Speaker: Greg Schwartz
Who are you online? Identity is what you say about you and what others say about you. However, it’s more than just that. It includes the things you buy, the tools you use, the places you spend your time, etc.
You do not own your online identity. You can’t control what people find out about you, but you can influence it.
- Own your user name. Pick one and stick to it. Even better if you can use your real name. (checkusernames.com)
- Join the conversation. Develop your identity by participating in social networks.
- Listen. Pay attention to what other people are saying about you.
- Be authentic. Ultimately, social networking is about connecting your online identity to your in-person identity.
Speaker: Michael Porter
MP was the project manager for the social tools on WebJunction. It’s designed to be for librarians and library staff.
If you are representing your organization online, be yourself, but also be sensitive to how that could be perceived. Share your library success stories!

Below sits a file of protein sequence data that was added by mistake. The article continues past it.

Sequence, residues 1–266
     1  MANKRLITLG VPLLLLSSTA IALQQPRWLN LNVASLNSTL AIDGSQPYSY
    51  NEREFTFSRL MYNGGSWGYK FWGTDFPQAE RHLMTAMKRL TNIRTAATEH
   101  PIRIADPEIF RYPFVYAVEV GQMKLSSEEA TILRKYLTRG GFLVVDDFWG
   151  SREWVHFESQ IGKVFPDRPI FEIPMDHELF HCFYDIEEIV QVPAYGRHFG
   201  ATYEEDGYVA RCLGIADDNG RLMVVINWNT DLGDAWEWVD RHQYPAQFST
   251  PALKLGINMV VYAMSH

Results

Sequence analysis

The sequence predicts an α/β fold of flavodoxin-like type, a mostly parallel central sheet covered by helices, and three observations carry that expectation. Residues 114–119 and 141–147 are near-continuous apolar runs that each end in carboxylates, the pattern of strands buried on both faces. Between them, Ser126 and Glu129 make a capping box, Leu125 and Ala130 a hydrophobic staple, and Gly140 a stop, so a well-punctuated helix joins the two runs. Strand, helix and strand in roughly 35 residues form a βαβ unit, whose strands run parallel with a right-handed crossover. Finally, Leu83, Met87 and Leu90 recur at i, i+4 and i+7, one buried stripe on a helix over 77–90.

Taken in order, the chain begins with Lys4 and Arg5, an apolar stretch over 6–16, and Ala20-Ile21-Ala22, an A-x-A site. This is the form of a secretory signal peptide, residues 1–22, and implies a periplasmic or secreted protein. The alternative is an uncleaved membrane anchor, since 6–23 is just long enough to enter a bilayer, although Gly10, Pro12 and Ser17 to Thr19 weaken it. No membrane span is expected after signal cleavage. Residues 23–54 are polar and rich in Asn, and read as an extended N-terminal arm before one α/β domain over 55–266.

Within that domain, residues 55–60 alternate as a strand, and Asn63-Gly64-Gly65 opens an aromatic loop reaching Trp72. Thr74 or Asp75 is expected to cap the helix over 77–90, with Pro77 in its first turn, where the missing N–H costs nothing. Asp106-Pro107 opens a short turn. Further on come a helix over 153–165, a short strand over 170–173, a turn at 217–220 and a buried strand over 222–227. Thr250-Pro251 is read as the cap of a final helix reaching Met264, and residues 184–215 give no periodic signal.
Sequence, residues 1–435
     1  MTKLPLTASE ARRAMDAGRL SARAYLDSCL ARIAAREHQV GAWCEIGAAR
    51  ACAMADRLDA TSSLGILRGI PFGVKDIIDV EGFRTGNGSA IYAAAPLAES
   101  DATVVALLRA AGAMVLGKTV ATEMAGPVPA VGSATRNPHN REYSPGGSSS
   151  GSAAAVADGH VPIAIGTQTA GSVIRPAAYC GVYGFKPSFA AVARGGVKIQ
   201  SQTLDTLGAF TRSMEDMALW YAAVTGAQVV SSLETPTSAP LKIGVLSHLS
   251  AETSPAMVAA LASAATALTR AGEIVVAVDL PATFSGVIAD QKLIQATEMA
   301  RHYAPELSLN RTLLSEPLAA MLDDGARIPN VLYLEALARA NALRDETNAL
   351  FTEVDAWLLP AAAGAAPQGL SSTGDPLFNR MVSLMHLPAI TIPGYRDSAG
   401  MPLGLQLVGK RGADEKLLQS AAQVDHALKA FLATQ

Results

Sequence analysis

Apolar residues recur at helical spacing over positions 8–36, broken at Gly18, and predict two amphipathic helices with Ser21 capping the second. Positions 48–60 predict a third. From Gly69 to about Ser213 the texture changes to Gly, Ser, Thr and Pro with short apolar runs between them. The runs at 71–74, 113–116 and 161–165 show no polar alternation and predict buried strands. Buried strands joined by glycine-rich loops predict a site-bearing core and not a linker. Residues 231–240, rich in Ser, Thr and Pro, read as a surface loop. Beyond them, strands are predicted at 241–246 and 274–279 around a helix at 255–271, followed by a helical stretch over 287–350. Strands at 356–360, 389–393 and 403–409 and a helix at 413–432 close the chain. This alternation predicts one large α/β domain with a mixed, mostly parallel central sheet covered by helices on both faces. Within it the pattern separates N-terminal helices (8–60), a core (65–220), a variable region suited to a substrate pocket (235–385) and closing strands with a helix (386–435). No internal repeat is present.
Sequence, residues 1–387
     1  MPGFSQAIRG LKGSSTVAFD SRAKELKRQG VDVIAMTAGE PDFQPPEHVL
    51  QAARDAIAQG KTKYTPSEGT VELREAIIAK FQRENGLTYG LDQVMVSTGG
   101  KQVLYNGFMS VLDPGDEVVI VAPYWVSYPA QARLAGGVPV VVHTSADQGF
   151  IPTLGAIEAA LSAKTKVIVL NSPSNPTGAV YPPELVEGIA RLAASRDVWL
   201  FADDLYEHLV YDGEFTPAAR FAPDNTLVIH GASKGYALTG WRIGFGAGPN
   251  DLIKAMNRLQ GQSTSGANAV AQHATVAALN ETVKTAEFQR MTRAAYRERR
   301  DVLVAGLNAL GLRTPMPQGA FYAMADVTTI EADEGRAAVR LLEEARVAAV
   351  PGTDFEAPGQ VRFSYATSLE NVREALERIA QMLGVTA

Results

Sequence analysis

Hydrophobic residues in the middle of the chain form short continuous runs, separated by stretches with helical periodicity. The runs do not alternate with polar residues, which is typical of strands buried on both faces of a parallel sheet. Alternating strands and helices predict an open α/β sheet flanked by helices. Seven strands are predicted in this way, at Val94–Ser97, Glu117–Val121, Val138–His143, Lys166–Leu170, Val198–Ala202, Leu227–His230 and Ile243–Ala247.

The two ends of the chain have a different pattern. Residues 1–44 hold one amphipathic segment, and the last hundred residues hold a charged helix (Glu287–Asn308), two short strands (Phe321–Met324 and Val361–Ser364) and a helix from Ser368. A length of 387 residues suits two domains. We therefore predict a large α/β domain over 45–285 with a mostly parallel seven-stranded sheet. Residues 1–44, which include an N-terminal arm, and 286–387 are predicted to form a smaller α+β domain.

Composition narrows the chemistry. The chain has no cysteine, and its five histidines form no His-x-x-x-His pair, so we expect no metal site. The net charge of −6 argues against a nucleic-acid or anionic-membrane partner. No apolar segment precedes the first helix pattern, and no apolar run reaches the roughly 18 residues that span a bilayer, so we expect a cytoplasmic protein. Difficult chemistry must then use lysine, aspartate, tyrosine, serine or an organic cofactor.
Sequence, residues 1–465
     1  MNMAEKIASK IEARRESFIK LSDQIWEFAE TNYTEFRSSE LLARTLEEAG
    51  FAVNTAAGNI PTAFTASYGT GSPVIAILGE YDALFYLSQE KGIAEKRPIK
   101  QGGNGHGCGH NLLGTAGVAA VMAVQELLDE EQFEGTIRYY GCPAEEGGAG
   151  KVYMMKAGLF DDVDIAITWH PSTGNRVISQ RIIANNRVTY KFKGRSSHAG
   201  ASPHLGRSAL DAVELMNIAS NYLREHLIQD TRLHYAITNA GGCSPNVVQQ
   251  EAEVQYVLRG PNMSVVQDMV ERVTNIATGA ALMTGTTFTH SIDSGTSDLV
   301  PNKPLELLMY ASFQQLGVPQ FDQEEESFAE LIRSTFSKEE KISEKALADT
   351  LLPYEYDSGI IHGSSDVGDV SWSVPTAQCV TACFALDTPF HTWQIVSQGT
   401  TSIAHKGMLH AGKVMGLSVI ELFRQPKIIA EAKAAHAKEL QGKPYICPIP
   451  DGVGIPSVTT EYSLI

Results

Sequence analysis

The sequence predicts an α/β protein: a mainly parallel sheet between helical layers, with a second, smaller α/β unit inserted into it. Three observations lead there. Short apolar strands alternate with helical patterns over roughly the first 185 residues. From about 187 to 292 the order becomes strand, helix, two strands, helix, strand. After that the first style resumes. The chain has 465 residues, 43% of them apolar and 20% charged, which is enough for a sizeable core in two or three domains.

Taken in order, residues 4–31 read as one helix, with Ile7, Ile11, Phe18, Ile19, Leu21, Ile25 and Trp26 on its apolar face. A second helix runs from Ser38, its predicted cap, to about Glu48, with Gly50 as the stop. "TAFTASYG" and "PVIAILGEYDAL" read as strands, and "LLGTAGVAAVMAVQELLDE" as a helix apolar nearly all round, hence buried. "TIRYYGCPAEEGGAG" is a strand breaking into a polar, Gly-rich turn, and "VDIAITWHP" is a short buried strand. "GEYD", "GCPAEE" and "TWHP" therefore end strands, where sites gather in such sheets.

Speaker: Sarah Houghton-Jan
Library online identities should be created with a generic email address, should be up-to-date, and should allow comment and interaction with users. Keep the tone personable.
Don’t use multiple identities. Make sure that someone is checking the contact points. You’ll get better results if you disperse the responsibility for library online identities across your institution rather than relying on one person to manage it all.
Speaker: Amanda Clay Powers
People have been telling their stories for a long time, and online social networks are just another tool for doing that. Some people are more comfortable with this than others. It’s our role to educate people about how to manage their online identities, however, our users don’t always know that librarians can help them.
On Facebook, you can manage social data by creating friends lists. This functionality is becoming more important as online social networks grow and expand.